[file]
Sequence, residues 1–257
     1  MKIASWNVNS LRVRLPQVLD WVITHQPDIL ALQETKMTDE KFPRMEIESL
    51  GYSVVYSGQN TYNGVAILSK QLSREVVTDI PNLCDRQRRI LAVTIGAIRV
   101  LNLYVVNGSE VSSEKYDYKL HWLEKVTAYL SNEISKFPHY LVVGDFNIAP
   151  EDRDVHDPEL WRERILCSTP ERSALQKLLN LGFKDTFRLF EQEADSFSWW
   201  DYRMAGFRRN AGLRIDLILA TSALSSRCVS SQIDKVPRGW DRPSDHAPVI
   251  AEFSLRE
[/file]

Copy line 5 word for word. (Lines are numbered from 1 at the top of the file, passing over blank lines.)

   151  EDRDVHDPEL WRERILCSTP ERSALQKLLN LGFKDTFRLF EQEADSFSWW